Forcing most abortion doctors to close shop, which is what Louisiana's pending bill will do, increases the chance that other family doctors will be left to clean up more back alley abortions. Dr. Fleming surely knows that -- hence his apparent decision to support safe abortion.
Dr. Fleming does shield himself from a constituency backlash. He only supports access if doctors providing abortion care are subject to the same standards of protection and safety as other health care providers. But Dr. Fleming does not say which health care providers are his baseline.
All doctors are not alike. A doctor performing a heart bypass will necessarily be held to professional standards different from a family physician. The American Congress of Obstetricians and Gynecologists has publicly advocated against legislation that would single out abortion providers and impose regulations that "are more stringent for abortion than for other surgical procedures of similar low risk." As a federal trial judge wrote when enjoining a Wisconsin law similar to Louisiana's bill from going into effect, "[W]ere a procedure sufficiently dangerous as to require, or even have a substantial risk of, hospitalization, it would likely be performed in a hospital." That judge noted that procedures 10 times as dangerous as safe abortions were not subject to admitting privilege requirements.
Maybe Dr. Fleming simply means that it is reasonable to hold abortion doctors to the same standards as health care providers who, generally in an outpatient setting and without being required to obtain admitting privileges at a local hospital, perform surgery that is nearly 30 times as likely to lead to death. The procedure is one the American Cancer Society recommends the average person get at least once every 10 years from the time they turn 50. Its mortality rate is 20 in every 100,000 procedures, compared to .67 in 100,000 for safe abortions. The procedure? A colonoscopy.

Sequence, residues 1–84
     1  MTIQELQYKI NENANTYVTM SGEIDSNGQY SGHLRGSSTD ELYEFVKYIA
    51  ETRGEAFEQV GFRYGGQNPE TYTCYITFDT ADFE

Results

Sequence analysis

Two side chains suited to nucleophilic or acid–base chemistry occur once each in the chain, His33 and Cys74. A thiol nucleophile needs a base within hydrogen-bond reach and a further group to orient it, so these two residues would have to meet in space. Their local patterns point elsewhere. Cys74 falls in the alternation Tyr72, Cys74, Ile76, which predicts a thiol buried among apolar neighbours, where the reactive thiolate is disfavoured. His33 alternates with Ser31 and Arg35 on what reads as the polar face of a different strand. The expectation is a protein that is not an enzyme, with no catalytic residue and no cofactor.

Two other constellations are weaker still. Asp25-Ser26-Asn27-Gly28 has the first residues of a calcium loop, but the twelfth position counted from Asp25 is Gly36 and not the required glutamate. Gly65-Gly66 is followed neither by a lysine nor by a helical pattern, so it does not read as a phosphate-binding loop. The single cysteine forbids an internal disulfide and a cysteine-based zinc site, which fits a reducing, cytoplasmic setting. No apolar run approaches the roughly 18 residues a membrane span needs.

Colonoscopies in ambulatory surgical centers -- that is an outpatient doctor's office where the person does not stay overnight -- in Louisiana are performed in a regulatory Wild West. The regulations ensuring safety at those offices are minimal at best. Basically, the doctor performing an outpatient colonoscopy only has to be in good standing and on a hospital's staff -- which does not equate with having admitting privileges. Surely, Dr. Fleming would support using the standards for colonoscopy doctors as a baseline for abortion doctors -- a position which would not include admitting privileges or other new restrictions.
Dr. Fleming's comments continued Friday, attacking a straw man -- the hit-and-run highwayman "abortionist" (Dr. Fleming never says whether he is speaking of unethical doctors or back alley snake oil salesmen). But Dr. Fleming's statements have not veered from his apparent new position that abortions are okay, as long as they are performed by doctors in safe conditions for patients.
U.S. Representative John Fleming's entire Facebook post:
Follow R. Kyle Alagood on Twitter: www.twitter.com/rkylealagood